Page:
The treasury is seeking to reassure government contractors of payment in case they carry out projects that do not generate enough revenue to pay for themselves. Private companies will get compensation from the government for the jointly-developed public projects. This will only apply for projects that fail to generate enough revenues to cover their costs.
The treasury has revealed that there will be a reserve fund under the Treasury that will be used to help meet part of the capital expenditure and set-up costs associated with public-private partnerships (PPPs). Treasury cabinet secretary (CS) Henry Rotich has published the long awaited new regulations to effect this public-private partnership project facilitation fund.
PPP projects may also apply to the fund to help pay for land acquisition, which has come to be a major component of infrastructural projects in Kenya. These costs are however recoverable. The CS said the object of the fund is to provide financial support for the implementation of public-private partnership projects under the Act, which may be provided in the form of grants, loans, equity, guarantees and other financial instruments.
PPP projects that have the public as end-users will get funding provided by the government to ensure that companies engaged in the arrangements can still make a profit while providing service that is affordable to the end user. Some of the projects targeted by this financing model include roads. A funding gap has been identified by national highways authorities in the current models they use. The authorities who include Kenya National Highways Authority (KeNHA) have proposed to introduce highways with toll stations. This is in order to encourage private investors to build highways and thereafter recoup their investments by charging the road users. In the case of road tolls which, if charged at market costs, could be unaffordable for some motorists, the government would step in.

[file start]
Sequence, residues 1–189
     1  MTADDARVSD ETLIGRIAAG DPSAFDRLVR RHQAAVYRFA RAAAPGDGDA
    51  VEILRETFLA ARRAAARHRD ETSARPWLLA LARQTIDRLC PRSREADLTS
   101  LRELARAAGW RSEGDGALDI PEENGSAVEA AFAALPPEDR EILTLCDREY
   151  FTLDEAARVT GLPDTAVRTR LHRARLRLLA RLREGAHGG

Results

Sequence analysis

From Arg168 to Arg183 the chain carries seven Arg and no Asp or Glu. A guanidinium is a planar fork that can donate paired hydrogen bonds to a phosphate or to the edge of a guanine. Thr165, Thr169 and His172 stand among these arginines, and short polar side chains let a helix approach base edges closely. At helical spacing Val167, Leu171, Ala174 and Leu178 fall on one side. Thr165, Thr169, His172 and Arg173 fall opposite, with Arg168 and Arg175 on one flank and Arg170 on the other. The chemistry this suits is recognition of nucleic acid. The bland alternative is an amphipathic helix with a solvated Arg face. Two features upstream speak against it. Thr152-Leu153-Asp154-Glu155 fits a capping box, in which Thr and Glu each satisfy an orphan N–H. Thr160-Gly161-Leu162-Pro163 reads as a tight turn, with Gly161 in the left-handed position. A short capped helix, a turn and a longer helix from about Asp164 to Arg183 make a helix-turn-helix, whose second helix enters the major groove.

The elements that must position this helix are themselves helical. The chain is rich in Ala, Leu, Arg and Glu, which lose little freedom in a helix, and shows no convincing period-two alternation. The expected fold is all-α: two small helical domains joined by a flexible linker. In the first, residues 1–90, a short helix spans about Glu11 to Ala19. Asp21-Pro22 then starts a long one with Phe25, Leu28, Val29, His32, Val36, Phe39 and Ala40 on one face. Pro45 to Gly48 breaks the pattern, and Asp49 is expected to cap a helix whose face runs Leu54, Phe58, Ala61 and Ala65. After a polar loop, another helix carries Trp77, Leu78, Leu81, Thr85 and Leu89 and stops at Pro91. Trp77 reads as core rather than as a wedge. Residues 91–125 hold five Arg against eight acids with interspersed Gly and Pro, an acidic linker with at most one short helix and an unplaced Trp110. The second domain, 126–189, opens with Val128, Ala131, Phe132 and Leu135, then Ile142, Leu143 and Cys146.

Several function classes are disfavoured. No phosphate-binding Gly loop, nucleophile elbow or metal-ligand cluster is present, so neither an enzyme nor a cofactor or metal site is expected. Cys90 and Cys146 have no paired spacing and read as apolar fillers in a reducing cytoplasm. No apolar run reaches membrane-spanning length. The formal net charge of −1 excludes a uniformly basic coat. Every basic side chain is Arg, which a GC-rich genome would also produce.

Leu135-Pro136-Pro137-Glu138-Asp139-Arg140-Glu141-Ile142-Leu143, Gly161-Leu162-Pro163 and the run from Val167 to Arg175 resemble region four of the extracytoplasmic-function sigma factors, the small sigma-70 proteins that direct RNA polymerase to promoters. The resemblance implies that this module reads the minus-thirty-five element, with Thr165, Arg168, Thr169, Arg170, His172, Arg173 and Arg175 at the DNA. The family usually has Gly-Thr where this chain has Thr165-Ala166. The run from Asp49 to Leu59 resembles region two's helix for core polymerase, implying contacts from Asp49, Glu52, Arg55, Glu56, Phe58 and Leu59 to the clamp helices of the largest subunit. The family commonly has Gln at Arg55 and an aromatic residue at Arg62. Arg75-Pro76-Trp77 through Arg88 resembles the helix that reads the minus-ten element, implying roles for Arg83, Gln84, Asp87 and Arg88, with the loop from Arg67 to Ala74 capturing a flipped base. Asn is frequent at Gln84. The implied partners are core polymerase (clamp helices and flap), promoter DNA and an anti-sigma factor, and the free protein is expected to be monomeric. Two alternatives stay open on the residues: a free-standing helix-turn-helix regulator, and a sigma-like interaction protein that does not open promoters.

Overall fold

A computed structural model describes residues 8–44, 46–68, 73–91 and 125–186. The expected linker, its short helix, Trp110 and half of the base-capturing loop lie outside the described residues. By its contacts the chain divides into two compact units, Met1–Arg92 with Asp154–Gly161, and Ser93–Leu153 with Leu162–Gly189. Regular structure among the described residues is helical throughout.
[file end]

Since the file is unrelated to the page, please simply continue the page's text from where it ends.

The regulations that the CS has introduced, however, restrict viability gap funding to a maximum of 51 per cent the cost of a project. Contractor will also be able to draw from the fund to cover unexpected eventualities that affect the completion of the project, for instance, default on the part of the state partner.
Government authorities and companies in PPPs will also apply to the fund to cover initial costs of projects such as feasibility studies and transaction costs. The PPP Act of 2013 provided for the establishment of the fund although regulations to operationalize it have been pending for three years.